When my oldest child was a high school senior, I did not realize how closed off she had become toward me. Yes, I knew I drove her crazy with all my reminders of things she needed to take care of. Even I felt like a broken record at times. But when I walked by her room and saw her laying around watching Netflix and on her phone with her friends, and I knew how much she had to do, my reminders seemed necessary. Also necessary, so I thought, was the “need” to circle back around later, sometimes just an hour later, to check on her progress—or remind her again to get busy! The solution to the stress and anxiety she complained of seemed simple to me: stop procrastinating!
Eventually, my daughter shared how my “nagging” (let’s just call it what it is) only served to increase her anxiety, not free her from it. Instead of helping her get going, my nagging was further paralyzing her. She feared what my words communicated to her must be true—I didn’t think she could manage her life at college without me. Certainly, I did not think this was true.
However, it took a friend drawing an illustration before I could see how my habits of “helpfulness” were suffocating her. My gracious friend then gently encouraged me to stay outside of her bubble unless invited in. Her exact words, I believe, were, “Stop popping her bubble!” Her words opened my eyes to the truth that my nagging was doing the opposite of encouraging her; instead it was provoking her. The very thing that Paul warns parents not to do (Colossians 3:21). No wonder she felt so beaten down.
This is hard for us parents, isn’t it? We believe good parents are supposed to “help” their kids. As with me and my on-the-way-to-college daughter, our reason for inserting ourselves is likely the simple desire to prevent unnecessary trouble and to help our kids be successful. But could it be that mixed in with our good intentions, the measuring sticks of their happiness and success are guiding our behavior?
While our intervening may—in the short run—assist in securing our “hopes” for our children, in the long game of life our kids are negatively impacted. Interestingly, as different as helicopter parenting is to hands-off permissive parenting, kids with both types of parents experience many of the same adverse outcomes. So, before we move into analyzing our own motives, or the root beneath why we do what we do, let’s take a closer look at two pervasive parenting styles and the effects of each on our kids. I will refer to what is often described as helicopter parenting as overparenting and permissive parenting as under-parenting.
Parents in this category tend to be warm, supportive, and responsive.1 These are undeniably positive qualities that enable children to thrive. But when these are coupled with a high level of control, parents exhibit too much responsiveness and overinvolvement for what is appropriate for their child’s age. Consequently, children are given little opportunity to develop autonomy. Over the years this type of parenting may include things like:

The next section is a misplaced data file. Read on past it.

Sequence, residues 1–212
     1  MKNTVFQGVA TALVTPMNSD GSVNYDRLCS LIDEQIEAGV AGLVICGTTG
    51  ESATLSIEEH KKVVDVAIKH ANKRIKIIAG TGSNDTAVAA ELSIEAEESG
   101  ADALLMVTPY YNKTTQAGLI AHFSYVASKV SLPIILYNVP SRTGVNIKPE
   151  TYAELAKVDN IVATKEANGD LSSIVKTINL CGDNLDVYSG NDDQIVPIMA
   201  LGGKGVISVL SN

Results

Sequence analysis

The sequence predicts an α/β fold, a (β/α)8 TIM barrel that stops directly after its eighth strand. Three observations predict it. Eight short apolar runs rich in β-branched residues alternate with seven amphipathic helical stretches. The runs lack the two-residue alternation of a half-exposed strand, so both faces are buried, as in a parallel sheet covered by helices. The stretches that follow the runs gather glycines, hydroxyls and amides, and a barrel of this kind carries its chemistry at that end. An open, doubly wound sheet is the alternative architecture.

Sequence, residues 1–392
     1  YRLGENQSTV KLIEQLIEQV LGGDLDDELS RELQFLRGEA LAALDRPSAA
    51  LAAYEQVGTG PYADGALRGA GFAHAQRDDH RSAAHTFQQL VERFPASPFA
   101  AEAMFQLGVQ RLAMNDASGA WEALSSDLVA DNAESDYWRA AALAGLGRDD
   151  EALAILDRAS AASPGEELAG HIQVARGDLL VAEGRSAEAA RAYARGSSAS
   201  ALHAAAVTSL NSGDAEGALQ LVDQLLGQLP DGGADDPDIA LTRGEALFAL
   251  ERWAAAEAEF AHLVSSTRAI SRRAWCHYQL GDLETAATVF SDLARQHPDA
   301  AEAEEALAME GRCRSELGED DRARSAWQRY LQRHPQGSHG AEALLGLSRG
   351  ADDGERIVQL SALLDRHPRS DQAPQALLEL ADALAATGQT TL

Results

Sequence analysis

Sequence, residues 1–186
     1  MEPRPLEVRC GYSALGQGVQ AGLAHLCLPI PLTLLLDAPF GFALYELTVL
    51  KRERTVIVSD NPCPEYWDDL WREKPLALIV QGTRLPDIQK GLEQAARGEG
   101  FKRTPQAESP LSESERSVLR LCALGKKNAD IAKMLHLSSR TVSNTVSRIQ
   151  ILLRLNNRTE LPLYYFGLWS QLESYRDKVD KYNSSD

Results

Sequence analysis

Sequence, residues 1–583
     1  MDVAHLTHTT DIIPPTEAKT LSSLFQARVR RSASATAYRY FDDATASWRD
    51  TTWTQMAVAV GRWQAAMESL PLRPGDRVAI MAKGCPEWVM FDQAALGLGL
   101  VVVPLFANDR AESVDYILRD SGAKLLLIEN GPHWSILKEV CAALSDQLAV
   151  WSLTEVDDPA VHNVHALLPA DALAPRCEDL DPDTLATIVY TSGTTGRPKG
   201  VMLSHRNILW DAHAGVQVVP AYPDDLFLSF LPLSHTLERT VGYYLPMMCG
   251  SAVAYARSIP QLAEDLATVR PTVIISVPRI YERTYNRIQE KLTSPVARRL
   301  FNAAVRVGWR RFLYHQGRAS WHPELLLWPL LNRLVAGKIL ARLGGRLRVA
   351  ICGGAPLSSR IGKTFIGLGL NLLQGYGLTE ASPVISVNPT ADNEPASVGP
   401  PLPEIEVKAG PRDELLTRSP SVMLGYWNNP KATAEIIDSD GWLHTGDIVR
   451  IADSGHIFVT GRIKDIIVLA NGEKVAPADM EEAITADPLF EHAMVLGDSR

- Being overinvolved in your child’s social life, e.g., calling the parent of the girl who didn’t invite your daughter to her party.
- Being overinvolved in “defending” your child, e.g., asking the school principal to address the teen who gave your teen a dirty look; going to social media to publicly build your case against the teacher, coach, business who “wronged” your child.
- Being overinvolved in your child’s day-to-day athletics or schooling, e.g., demanding the coach play your son or a teacher give your child an assignment redo or deadline extension.
- Being overly restrictive, e.g., trying to keep your child from all infiltrations of the “world” (I’ll elaborate on this later as there is a lot of room for differences here).
- Being overly protective, e.g., trying to anticipate every possible safety issue your child may encounter. (Please hear me: it is our job to keep our kids safe but preventing our child from playing soccer because he might get hurt or demanding the city park cover the playground in foam to keep our kids from a bruised knee if they fall are examples that would qualify as excessive intervention.)
If we don’t keep ourselves in check, over time, we might become the parents who reach out on behalf of their college kid to question a professor about a grade and intervene in their young adult children’s job interviews! I know this sounds absurd, but these things really do happen. Such behavior follows the pattern formed from many years of intrusiveness.
There are smaller, daily occurrences that fall under the overparenting category too. Doing things for your children they should be doing for themselves including, micromanaging homework, tying shoes, making their bed, and then continuing to do for your teen things they are able to do on their own, like make lunches, do the laundry, schedule appointments, and talk to waiters or sales associates. Now you may be thinking, Well, I do the laundry, what’s wrong with that? For the most part, I do too. But when my youngest was in high school, there were times when he needed something washed, not on a regular laundry day, when I had other things going on. Rather than me rearranging to accommodate his last-minute need, how much better for me to teach him how to do it himself.